I’m currently in Denmark where I gave the keynote address at the Innovation in Education conference.
As well the conference, I’ve been working with different schools and organisations around the concept of student (and staff) engagement.
Whilst working with the Department of Pedagogy at the University of Aarhus, one researcher told me of his study that showed that – whilst many teachers and thinkers (myself included) are suggesting students should be allowed more autonomy in education to find their passions and develop goals around their areas of interest – students report not wanting this.
These 16 and 17 year-old students reported wanting in fact needing to be directed as to what they should be doing, even as far as to what they should be passionate about!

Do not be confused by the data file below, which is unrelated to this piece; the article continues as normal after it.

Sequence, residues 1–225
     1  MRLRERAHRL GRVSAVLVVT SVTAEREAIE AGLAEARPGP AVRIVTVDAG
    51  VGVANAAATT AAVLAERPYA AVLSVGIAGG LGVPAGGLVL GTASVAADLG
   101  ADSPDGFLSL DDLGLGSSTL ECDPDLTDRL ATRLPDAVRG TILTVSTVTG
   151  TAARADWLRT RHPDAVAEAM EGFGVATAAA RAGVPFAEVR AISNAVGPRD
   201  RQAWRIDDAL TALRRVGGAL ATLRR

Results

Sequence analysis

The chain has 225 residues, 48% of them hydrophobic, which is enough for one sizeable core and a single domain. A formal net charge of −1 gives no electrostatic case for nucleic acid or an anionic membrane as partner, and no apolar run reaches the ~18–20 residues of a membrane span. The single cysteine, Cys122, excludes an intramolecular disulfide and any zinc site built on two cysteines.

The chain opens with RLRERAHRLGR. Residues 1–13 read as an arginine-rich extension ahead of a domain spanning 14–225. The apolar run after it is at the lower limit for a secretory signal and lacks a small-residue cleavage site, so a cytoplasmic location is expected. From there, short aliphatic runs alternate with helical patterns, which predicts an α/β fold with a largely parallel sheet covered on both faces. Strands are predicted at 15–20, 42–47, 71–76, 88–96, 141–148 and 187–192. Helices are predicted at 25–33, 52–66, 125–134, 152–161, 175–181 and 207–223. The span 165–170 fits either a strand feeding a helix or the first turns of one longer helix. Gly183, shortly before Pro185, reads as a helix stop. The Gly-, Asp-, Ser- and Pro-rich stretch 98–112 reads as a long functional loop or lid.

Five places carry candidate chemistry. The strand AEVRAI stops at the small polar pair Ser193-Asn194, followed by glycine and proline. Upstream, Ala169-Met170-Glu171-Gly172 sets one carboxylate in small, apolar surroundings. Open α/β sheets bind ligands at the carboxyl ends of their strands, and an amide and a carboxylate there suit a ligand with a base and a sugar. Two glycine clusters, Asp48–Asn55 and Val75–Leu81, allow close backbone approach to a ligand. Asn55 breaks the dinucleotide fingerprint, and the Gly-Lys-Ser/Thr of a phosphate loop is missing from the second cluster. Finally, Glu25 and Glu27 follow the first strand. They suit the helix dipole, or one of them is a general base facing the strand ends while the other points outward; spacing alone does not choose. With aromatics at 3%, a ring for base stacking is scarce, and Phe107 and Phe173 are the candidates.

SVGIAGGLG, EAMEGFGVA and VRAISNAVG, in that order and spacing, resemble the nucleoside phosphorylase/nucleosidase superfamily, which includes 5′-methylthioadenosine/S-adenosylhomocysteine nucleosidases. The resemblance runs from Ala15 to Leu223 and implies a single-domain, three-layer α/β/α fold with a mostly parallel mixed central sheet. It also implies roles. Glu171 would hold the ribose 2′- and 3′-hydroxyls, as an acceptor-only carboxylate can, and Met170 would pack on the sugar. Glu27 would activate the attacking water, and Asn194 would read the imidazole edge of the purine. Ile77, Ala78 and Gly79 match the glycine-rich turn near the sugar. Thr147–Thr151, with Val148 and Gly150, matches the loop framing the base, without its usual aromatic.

So does this mean that those like myself who are pushing for more autonomy in schools are wrong?
You could argue yes.
But I’d suggest that this research could serve as a wake-up call.
Here we have teachers trying to engender and develop intrinsic motivation in their students, and the students are rejecting it.
What becomes of these students when they leave school.
Will they find the same support networks in the workplace or tertiary education?
My experience says no, they won’t.
Intrinsic motivation is an essential component of engagement. If we are genuine about wanting engaged students in school, then we must encourage autonomy from an early age before they become conditioned to having everything done for them.
Even their thinking.
Author: Dan Haesler, he is a teacher, consultant, and speaker at the Mental Health & Wellbeing of Young People seminars He writes for the Sydney Morning Herald and blogs at http://danhaesler.com/ and tweets at @danhaesler